Use your health insurance just like you normally would to see your doctor.
Considerations and Precautions of Bystolic
Bystolic is generally a safe medication, but that doesn’t mean that it’s appropriate for everybody. Be sure to tell your doctor about all medications you take and your full past and present medical history. This will help reduce the likelihood of severe complications.
Bystolic may cause serious interactions if taken with certain other medications. You should always talk to your doctor about all the medications you currently take, including supplements, vitamins, and over the counter medication. You should especially make sure to mention if you take any of the following:
- Clonidine (Catapres)
- Isoniazid (for treating tuberculosis)
- Cimetidine (Tagamet)
- Digitalis (digoxin, Lanoxin)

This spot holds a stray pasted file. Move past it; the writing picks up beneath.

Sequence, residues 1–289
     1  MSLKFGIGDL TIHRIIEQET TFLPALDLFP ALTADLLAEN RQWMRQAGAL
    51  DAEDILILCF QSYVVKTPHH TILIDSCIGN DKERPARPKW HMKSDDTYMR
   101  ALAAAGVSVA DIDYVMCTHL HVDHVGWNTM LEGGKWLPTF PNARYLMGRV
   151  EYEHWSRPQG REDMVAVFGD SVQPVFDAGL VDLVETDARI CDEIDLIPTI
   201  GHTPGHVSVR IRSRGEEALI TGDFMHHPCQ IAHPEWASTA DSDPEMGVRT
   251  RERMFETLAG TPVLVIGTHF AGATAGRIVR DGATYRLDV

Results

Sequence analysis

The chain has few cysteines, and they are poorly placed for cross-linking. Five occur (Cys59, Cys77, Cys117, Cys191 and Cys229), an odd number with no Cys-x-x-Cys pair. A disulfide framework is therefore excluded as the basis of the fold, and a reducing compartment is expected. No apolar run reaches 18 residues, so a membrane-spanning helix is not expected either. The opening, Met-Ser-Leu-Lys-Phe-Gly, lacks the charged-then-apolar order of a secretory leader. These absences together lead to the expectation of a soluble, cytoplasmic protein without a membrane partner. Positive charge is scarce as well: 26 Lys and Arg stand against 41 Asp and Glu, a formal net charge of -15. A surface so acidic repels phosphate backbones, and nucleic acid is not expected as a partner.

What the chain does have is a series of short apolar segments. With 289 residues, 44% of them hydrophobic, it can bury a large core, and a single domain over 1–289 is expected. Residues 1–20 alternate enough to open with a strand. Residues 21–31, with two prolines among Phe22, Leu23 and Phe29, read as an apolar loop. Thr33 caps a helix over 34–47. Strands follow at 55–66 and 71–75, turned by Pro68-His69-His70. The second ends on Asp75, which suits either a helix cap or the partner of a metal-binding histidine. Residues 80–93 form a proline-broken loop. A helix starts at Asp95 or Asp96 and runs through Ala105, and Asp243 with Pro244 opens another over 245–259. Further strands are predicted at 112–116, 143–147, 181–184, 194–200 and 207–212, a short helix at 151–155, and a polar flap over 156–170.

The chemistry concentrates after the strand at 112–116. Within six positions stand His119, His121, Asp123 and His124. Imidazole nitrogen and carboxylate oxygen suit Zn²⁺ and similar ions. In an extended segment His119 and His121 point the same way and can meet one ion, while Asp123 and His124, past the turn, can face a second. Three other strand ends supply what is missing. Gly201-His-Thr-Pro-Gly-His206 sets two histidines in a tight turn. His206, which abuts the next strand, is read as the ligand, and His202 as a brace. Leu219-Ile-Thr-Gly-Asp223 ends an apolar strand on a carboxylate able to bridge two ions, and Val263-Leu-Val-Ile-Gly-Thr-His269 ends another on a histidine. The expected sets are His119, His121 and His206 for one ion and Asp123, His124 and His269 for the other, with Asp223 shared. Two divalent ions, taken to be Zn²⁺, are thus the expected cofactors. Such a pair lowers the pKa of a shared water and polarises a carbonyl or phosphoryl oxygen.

- Methimazole (Tapazole)
- Ropinirole (Requip)
- Ticlopidine (Ticlid)
- Another beta-blocker like carvedilol (Coreg), nadolol (Corgard), labetalol (Normodyne, Trandate), atenolol (Tenormin, Tenoretic), metoprolol (Dutoprol, Lopressor, Toprol), propranolol (Inderal, InnoPran), sotalol (Betapace)
- An antidepressant like desipramine (Norpramin), sertraline (Zoloft), clomipramine (Anafranil), fluoxetine (Prozac, Rapiflux, Sarafem, Selfemra, Symbyax), imipramine (Tofranil), duloxetine (Cymbalta), paroxetine (Paxil, Pexeva), or tranylcypromine (Parnate)
- An antibiotic such as terbinafine (Lamisil)
- Heart or blood pressure medicine like Exforge, diltiazem (Cardizem, Cartia, Dilacor, Diltia, Diltzac, Taztia, Tiazac), Tekamlo, Tribenzor, Amturnide), clonidine (Catapres, Clorpres, Kapvay, Nexiclon), nicardipine (Cardene), Lotrel, nifedipine (Nifedical, Procardia), amlodipine (Norvasc, Caduet, Twynsta, verapamil (Calan, Covera, Isoptin, Verelan, Tarka)
- Anti-malaria medication like pyrimethamine (Daraprim), chloroquine (Aralen), or quinine (Qualaquin)
- HIV or AIDS medicine like ritonavir (Norvir, Kaletra) or delavirdine (Rescriptor)
- Heart rhythm medicine like quinidine (Quin-G), flecaininde (Tambocor), mexiletine (Mexitil), disopyramide (Norpace), procainamide (Pronestyl), propafenone, amiodarone (Cordarone, Pacerone), (Rythmol)